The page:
A guide to how your finances might change when you retire
When you retire your main source of income is likely to switch from a salary to your pensions. You may have several pensions such as a company pension, a private pension and a State Pension. If you have savings or investments, you may want to take an income from these too. And you may also be entitled to certain state benefits such as a free bus pass, free NHS prescriptions and the Winter Fuel Payment.
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It’s important to work out what income you might have in retirement and how your spending might change. This way you can ensure you have enough money to live on and be as financially comfortable as possible.
Most people are entitled to at least some State Pension when they reach their State Pension age. You can find out what your State Pension age is and how much State Pension you might be entitled to at the government website GOV.UK.
There are different types of workplace pensions.
You may be entitled to an income in retirement from your current or previous employers which is based on your earnings and the length of time you are/were in the scheme. The types of pension schemes that offer this are known as defined benefit pensions otherwise known as final salary or career average schemes. You should ask your current or previous employers for details of how much this might be.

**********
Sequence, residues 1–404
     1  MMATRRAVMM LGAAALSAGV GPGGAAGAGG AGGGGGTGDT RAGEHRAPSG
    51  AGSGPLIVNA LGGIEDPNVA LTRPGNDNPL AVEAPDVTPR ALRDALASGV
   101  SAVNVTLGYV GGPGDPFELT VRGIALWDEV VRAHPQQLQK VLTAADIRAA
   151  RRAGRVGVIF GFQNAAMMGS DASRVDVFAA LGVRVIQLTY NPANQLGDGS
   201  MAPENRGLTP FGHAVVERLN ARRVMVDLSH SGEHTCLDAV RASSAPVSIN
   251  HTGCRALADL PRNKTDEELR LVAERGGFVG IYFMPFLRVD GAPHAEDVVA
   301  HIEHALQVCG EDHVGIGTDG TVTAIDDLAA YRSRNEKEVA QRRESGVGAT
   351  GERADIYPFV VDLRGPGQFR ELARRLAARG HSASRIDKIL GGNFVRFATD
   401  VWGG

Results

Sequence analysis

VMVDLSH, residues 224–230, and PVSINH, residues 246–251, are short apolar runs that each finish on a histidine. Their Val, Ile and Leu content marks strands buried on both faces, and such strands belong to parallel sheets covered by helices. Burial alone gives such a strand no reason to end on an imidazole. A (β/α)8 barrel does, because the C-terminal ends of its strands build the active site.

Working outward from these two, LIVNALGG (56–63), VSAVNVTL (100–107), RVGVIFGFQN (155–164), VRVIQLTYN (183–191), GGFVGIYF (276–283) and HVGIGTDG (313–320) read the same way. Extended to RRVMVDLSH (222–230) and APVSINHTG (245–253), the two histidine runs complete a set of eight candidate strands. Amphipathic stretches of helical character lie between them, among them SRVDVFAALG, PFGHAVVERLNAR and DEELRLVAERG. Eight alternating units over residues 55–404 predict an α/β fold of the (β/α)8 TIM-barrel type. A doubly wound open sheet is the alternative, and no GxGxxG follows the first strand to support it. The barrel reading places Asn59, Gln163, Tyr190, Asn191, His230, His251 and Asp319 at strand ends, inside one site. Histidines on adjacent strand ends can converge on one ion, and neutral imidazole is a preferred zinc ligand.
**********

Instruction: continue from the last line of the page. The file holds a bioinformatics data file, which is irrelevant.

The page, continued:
Nowadays, most employers offer a defined contribution workplace pension scheme. With these schemes both you and/or your employer contribute to your pension pot. The benefits you receive at retirement depend on how much you and your employer have paid in to your pension pot, how long this money has been invested and how your investments have performed over this period. There is however no promise from your employer to provide you with an income in retirement. Instead, once you reach age 55, increasing to age 57 from 6 April 2028, you can decide what you want to do with your pension pot and how/if this will provide you with an income in retirement.
You can do the following although not all pension providers will offer all these choices:
- Leave your pension pot untouched until you need to access the money at a later date. This way your pot has the potential to continue growing tax-free, potentially providing you with more income when you need it later on, such as when you stop working. Of course there is a risk that if stock markets fall the value of your pot could fall too.
- Use some or all of your pot to buy a guaranteed income for life known as an annuity (you can normally take up to 25% of your pot first as a one-off tax-free sum). Once you stop working you may want this type of guaranteed income to replace your salary.
- Use your pot to provide a flexible retirement income, this is called pension drawdown. With this option you can normally take up to 25% of your pension pot tax-free and use the rest of your money to provide you with a regular taxable income. The value of your pot can go down as well as up so you’ll have to be careful to ensure your money lasts as long as you want it to.